Limited Product Variety and Private-Label Brands
Offering a wide range of products to your customers is usually considered to be an advantage for grocery stores as well as customers. However, that is not the case for cheap grocery stores like Lidl, Aldi and Giant Eagle. These supermarkets do not offer more than 2 or 3 brands for the same product, which has several advantages. First of all, it increases the buying power of their customers. Secondly, they order large amounts of the same products, which is easier to manage than keeping stocks for more than 3 brands. It also helps them save on the additional supply expenses.
When you enter one of these grocery stores, you will realize that most of the products you see on the shelves are everyday essentials like legumes, pasta, dairy products, breakfast cereals, etc., which are fast-moving items that customers buy more often. Selling fast-moving products helps these grocery stores minimize their inventory expenses.
These grocery stores also produce their own private-label brands. For instance, around 90% of the products at Lidl are private-label brands, which are produced specifically for and on behalf of Lidl. This helps the grocery stores to minimize their expenses, because stocking products by different brands is much more expensive than stocking your own private-label products. Plus, they are able to monitor and control the manufacturing costs for their private-label products and they don’t need to pay for distributors, either. Most of these private-label products are a favorite for many customers because they are cheaper and usually higher-quality. Sometimes, private-label products achieve such a level of success that customers seek those products specifically, instead of going for popular brands. Since customers can’t find those private-label products in other supermarkets, it also builds customer loyalty.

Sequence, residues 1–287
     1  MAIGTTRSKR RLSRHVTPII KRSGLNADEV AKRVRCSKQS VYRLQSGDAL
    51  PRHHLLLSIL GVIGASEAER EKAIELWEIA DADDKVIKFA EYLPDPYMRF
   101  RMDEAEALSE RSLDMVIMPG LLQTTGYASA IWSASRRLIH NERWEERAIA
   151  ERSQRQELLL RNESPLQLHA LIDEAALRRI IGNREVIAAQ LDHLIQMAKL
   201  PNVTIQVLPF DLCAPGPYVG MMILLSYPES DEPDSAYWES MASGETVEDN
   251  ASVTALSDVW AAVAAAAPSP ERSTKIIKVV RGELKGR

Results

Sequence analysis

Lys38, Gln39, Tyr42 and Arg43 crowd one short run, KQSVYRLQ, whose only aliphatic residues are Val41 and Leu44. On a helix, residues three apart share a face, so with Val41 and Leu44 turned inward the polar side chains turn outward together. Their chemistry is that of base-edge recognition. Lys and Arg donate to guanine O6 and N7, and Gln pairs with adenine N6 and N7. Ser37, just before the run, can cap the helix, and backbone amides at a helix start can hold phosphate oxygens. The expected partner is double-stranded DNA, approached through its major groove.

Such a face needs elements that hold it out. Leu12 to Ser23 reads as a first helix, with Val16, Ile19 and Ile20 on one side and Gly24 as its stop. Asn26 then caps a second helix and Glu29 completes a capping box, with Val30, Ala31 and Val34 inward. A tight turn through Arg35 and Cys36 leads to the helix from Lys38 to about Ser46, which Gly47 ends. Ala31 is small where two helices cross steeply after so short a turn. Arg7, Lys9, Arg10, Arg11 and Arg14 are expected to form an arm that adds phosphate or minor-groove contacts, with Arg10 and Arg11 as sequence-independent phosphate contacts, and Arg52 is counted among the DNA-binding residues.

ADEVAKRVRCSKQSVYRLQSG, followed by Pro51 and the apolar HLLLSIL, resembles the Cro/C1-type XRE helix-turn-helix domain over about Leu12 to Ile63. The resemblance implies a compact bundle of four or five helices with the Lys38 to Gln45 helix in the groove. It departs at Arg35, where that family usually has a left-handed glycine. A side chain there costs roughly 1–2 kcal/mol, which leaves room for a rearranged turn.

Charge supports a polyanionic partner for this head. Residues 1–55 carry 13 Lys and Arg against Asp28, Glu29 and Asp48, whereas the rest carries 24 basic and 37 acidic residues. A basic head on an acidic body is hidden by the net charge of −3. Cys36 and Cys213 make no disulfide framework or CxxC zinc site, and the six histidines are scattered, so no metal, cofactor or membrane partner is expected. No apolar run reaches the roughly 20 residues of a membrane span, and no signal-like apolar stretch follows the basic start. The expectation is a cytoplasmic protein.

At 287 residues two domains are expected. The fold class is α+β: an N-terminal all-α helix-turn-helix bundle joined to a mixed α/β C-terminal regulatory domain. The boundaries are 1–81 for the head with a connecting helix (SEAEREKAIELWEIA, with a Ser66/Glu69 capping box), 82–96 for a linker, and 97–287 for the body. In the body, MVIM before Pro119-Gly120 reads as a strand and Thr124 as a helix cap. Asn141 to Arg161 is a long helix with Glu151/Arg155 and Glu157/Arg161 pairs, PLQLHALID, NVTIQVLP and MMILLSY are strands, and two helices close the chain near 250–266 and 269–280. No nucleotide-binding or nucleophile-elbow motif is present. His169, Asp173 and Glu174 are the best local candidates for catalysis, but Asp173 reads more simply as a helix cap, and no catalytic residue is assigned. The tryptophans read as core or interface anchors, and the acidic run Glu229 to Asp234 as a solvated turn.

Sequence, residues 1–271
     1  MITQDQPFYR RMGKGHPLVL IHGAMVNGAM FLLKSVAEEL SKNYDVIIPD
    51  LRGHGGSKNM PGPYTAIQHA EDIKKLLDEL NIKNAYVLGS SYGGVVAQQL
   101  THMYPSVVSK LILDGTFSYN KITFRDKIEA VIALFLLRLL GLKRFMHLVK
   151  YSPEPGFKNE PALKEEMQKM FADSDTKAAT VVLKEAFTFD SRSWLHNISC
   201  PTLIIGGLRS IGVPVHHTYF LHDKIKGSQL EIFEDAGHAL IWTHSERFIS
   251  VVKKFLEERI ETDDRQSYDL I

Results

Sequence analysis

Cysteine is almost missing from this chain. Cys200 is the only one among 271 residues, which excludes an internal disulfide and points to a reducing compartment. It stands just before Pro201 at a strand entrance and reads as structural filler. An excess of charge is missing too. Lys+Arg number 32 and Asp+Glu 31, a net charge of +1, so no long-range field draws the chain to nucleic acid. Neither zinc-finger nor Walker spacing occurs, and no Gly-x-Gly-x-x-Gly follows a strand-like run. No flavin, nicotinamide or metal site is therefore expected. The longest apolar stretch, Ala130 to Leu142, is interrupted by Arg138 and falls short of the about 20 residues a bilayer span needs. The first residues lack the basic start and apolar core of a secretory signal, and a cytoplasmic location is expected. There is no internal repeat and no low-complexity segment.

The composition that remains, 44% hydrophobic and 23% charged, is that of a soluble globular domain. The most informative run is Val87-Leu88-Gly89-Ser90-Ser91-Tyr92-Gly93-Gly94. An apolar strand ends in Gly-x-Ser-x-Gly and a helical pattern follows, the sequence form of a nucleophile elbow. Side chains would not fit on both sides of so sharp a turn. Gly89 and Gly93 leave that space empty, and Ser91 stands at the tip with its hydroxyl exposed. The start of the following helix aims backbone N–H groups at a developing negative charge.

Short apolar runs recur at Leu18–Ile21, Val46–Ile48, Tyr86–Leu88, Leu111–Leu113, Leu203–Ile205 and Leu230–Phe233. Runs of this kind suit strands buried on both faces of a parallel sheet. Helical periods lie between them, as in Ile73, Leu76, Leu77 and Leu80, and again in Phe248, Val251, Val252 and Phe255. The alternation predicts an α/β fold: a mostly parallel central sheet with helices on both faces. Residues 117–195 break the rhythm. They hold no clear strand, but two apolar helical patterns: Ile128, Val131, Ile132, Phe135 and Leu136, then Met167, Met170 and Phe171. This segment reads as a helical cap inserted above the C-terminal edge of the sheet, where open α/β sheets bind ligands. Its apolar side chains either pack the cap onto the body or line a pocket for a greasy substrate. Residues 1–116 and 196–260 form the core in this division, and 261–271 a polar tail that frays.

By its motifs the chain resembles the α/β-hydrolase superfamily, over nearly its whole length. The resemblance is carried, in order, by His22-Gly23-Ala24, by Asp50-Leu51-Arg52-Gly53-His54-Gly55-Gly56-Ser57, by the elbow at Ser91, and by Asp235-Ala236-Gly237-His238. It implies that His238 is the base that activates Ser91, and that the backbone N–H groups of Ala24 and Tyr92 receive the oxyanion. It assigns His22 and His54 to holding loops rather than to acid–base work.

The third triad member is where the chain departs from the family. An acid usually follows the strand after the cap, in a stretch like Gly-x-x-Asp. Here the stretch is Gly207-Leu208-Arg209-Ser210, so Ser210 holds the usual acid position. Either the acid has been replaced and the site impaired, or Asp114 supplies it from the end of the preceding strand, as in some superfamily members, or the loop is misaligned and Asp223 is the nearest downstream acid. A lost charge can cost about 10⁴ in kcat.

Shelf and Store Design
Shelf organization and overall store design are two things that help these grocery stores minimize their expenses. Grocery stores like Lidl, Aldi and Giant Eagle choose to display the products in the boxes they arrive in, which means a faster restocking process and less human power. So, this kind of a store design helps them reduce the number employees, which is another way of minimizing expenses and offering cheaper service. Having such a minimalist store design also means that they don’t have to bother with special ads for different brands or products.
You might have noticed that the lighting in these grocery stores are a little different as well. Unlike other grocery stores, they don’t use individual lighting for each shelf, which provides efficiency and cuts down on expenses. They use energy-efficient lighting equipment, as well.
Thanks to a simpler store design, it is much easier to keep the store clean and the shelves organized. Because these stores are not too large, they can work with fewer employees, which is another way of cutting expenses. Unlike larger grocery stores, cheaper grocery stores train each employee to be capable of handling all sorts of tasks at the store, which increases the adaptation process and the overall performance of their employees.
Smaller Budget for Marketing and Advertising
Another reason why grocery stores like Lidl, Aldi and Giant Eagle are cheaper is that they don’t allocate huge budgets for marketing and advertising. Compared to larger and more expensive supermarkets, they have fewer ads on TV, for instance.
Instead of spending a ton of money on advertising, these grocery stores focus on delivering lower prices only. They focus more on local advertising and promoting the weekly or monthly deals. They often offer special products that are available for a limited amount of time, which attracts customers attention. They might use leaflets or weekly ads to inform the local community about the available deals, too. So, a small-scale marketing strategy helps these grocery stores cut down on their expenses and deliver a more cost-efficient service for customers.